The Fresh Loaf

News & Information for Amateur Bakers and Artisan Bread Enthusiasts

One dough, two ovens -- gosh!

DesigningWoman's picture
DesigningWoman

One dough, two ovens -- gosh!

Having decided to wander over to the Bread Banquet being held in another neighborhood, I decided I'd take advantage of the fact that there would be a wood-fired oven stoked up and available to anyone who wanted to bake.

Since this event wasn't going to start until 2pm Saturday, I mixed the dough mid-afternoon on Friday, gave it a couple of hours of BF with one fold per hour, then put it in the fridge until after dinner. Took the dough out of the fridge, let it warm up a bit, divided, preshaped, rested, shaped, rested and back into the fridge. By then it was about 2am.

This was making me a bit nervous, since Susan's original recipe calls for three hours of bulk and three hours of proof, and here I was, spinning the process out over 24 hours.

We took one beswaddled loaf to the event, which was full of workshops for learning about wheat and grains and bread making, mostly geared toward children. The WFO was there, with space for me, so we unwrapped the loaf, I spritzed, the baker scored (amazing speed and sure-handedness), and into the oven it went. "Come back in about an hour". OK.

An hour later, we learned that there had been "issues" with the oven, so our loaves had been removed to a local bakery. When I saw mine, my heart sank. And it made me very worried about the second loaf that was waiting at home in the fridge.

Preheated the oven,went through my usual spritz/seed/spritz/score/spritz routine and loaded the loaf, 20 minutes covered, 18 minutes uncovered.

I am really surprised at the difference in the two bakes. Both loaves weighed the same before baking, give or take three grams. I had assumed that the wood-fired oven would give a beautiful brown crust, hopefully with loads of blisters. The top looked like it had actually caved in (or someone stuck a thumb into it).

Later that night, curiosity got the better of me, so I cut open the pale loaf:

Crust was extremely thick and hard, bottom was charred and crumb felt wet. Not gummy, just damp. I now have a huge bag of croutons (which will, among other things, wind up in future breadcrumb loaves).

So, if the occasion should present itself ever again to use a WFO, what are the pitfalls to watch out for? Did the loaf need to be in a DO? Or was this the result of the loaf having been pulled out of one oven to be moved elsewhere?

Here's the crumb from the home-baked loaf:

 

yozzause's picture
yozzause

It looks like the issues may have been lack of stored heat in the WFO if it was going to take an hour to bake and still had to be finished off in another oven nearby. But good for you for being involved. the home bake looks pretty good! 

i got to see a great home wood fired oven and meet with its owner and builder when in France recently in Guizerix and hope to be baking in it on my next visit.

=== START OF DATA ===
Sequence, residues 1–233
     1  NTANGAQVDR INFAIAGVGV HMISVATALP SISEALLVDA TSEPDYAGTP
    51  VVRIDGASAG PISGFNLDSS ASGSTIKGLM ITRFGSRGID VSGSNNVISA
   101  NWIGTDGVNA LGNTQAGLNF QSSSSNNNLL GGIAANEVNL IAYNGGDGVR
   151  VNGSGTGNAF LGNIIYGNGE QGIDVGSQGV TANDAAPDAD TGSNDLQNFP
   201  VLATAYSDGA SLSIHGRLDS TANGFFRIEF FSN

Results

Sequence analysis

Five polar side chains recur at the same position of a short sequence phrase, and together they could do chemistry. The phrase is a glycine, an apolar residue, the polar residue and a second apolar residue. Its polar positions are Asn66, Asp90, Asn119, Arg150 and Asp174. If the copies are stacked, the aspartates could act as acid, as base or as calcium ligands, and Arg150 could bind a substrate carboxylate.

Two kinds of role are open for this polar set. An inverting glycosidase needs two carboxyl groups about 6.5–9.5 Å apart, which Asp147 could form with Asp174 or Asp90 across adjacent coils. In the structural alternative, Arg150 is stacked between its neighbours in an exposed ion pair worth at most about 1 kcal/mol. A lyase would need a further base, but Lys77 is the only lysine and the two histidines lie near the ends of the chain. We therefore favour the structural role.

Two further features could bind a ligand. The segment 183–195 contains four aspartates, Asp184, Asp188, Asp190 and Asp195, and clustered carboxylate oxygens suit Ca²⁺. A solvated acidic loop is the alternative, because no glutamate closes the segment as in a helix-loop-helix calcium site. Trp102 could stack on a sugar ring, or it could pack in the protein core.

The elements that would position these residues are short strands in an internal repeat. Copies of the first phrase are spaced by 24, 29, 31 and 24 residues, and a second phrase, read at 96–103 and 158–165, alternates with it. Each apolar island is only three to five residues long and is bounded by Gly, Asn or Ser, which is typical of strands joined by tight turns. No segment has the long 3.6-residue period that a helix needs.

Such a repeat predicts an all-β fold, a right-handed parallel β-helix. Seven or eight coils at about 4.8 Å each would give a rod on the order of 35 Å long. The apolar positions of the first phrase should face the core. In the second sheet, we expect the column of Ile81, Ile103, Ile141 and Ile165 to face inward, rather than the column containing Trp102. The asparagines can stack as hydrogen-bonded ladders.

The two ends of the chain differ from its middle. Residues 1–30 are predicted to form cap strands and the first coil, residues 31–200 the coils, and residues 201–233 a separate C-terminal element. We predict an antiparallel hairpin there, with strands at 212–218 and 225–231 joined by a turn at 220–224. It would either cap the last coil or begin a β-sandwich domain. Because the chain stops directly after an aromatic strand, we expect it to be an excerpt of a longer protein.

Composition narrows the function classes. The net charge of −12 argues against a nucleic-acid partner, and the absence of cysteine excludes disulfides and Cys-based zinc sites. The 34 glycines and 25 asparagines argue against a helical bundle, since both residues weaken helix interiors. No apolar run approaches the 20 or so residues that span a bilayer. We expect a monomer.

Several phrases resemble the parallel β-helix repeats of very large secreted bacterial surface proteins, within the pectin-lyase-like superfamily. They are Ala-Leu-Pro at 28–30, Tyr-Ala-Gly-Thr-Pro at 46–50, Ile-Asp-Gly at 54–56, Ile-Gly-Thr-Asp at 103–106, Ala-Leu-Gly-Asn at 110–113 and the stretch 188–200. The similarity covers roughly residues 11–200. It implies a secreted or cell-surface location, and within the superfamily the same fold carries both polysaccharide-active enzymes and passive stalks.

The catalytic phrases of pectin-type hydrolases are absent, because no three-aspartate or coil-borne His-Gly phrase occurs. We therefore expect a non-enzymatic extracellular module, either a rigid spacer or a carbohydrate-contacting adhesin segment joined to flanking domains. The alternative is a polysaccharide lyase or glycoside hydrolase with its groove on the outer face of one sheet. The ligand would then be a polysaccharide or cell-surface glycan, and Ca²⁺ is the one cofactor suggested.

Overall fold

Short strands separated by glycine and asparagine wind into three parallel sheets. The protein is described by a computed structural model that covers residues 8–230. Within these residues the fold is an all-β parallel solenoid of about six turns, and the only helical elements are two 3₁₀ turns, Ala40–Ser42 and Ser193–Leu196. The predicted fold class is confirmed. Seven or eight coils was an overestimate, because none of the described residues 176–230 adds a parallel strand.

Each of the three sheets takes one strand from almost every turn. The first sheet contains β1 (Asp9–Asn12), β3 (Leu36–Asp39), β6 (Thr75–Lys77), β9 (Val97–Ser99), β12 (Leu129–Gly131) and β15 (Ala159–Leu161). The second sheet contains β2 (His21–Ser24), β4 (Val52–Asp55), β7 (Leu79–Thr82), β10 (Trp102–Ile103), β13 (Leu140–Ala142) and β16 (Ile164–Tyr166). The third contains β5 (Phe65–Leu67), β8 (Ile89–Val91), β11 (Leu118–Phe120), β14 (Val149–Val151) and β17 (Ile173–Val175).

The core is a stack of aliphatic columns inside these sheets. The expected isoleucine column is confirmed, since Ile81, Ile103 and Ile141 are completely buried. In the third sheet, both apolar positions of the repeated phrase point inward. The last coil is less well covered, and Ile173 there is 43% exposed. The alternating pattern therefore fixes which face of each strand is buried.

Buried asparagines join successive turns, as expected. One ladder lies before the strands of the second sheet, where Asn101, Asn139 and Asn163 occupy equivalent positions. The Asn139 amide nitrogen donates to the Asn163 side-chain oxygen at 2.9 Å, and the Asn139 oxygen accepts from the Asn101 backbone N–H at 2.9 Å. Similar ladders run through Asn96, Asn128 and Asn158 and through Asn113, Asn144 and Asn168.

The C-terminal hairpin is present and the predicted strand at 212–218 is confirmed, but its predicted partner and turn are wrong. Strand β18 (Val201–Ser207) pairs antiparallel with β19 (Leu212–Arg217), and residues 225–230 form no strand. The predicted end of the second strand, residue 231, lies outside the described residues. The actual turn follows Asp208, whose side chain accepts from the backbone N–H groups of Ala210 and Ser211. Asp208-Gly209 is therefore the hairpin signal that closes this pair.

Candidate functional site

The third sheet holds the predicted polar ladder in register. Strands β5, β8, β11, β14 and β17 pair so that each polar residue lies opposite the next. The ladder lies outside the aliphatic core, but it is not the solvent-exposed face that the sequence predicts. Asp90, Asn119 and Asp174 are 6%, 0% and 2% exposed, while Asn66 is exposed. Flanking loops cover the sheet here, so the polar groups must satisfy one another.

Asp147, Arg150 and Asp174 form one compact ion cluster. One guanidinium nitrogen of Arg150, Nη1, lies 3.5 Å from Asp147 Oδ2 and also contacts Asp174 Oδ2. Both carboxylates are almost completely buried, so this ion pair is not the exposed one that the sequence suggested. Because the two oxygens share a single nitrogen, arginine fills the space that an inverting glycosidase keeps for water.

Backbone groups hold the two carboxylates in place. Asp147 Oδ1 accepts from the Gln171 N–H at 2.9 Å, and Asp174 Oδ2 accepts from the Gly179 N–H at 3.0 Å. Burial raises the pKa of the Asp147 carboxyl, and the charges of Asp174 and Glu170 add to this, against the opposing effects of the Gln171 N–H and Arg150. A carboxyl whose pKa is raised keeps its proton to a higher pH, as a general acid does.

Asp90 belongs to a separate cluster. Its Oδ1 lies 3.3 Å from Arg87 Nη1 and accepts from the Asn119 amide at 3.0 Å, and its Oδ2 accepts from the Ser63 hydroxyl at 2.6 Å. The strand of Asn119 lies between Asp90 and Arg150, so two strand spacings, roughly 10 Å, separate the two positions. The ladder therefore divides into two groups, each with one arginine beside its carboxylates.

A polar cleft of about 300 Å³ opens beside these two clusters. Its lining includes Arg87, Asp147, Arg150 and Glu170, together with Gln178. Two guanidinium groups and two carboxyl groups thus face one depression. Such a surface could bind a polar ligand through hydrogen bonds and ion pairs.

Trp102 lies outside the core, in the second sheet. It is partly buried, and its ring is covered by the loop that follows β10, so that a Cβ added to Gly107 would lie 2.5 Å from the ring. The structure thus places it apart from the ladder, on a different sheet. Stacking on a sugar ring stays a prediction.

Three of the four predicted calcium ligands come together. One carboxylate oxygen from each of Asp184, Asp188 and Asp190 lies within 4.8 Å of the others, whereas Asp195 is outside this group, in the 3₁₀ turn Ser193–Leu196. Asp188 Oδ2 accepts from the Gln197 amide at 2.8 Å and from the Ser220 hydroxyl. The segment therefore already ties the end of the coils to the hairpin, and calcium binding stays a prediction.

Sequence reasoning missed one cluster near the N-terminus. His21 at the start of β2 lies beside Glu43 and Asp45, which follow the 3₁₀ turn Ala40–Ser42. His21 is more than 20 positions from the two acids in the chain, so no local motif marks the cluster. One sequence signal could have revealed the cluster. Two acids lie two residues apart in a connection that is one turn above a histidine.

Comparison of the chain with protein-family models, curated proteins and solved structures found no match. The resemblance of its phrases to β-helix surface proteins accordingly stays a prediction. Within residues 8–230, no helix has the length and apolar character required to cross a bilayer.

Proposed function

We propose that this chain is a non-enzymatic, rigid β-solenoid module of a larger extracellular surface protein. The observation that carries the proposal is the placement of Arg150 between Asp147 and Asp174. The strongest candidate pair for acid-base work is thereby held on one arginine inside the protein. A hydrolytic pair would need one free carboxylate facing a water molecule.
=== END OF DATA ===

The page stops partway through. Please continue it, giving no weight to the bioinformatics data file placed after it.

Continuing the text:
kind regards Derek

DesigningWoman's picture
DesigningWoman

Yeah, I'm beginning to think that the WFO was not up to temperature when the loaves went in. Which meant that the dough was drying out on the surface more than baking. Ah, well.

I don't know Guizerix, but judging by the spelling, I'd wager it was in the Basque country (which I love)?

Happy baking,

Carole

yozzause's picture
yozzause

Mid Pyranees not far from Tarbes and Lourdes

Just some pics from the pizza evening in Guizerix and Jakes wonderful oven he built

kind regards Derek

 

 

DesigningWoman's picture
DesigningWoman

Miles better hand the one used for the banquet bake. Kudos to your pal.

Lovely region, although I know the Toulouse-Albi side better. In fact, will be back there for Christmas.

Am still intending to try your beret bread 😊

Carole 

yozzause's picture
yozzause

Jake has built two ovens now, and just breathes bread. We flew into Toulouse and caught the train to Lannemezan where we were picked up, I had a great day baking with some students i will post an account of that today but here is a preview and guess what you might spot Un Petit Auvergnet

 

 

dabrownman's picture
dabrownman

Too hot, too cold not heated long enough, not enough bread in it to steam properly and who knows what else.  Now you know why traditional artisan bread can only be balked in a WFO.  Mastering the WFO is just as important as mastering the bread to get a real artisan loaf out of it!  Everyone looks forward to baking it one but few actually have their bread come out right the first time or even 10 :-) The one baked at home was much better for sure.

Better luck next time

DesigningWoman's picture
DesigningWoman

I think, more than anything else, it's the romantic appeal of the concept! I'll know better next time 👩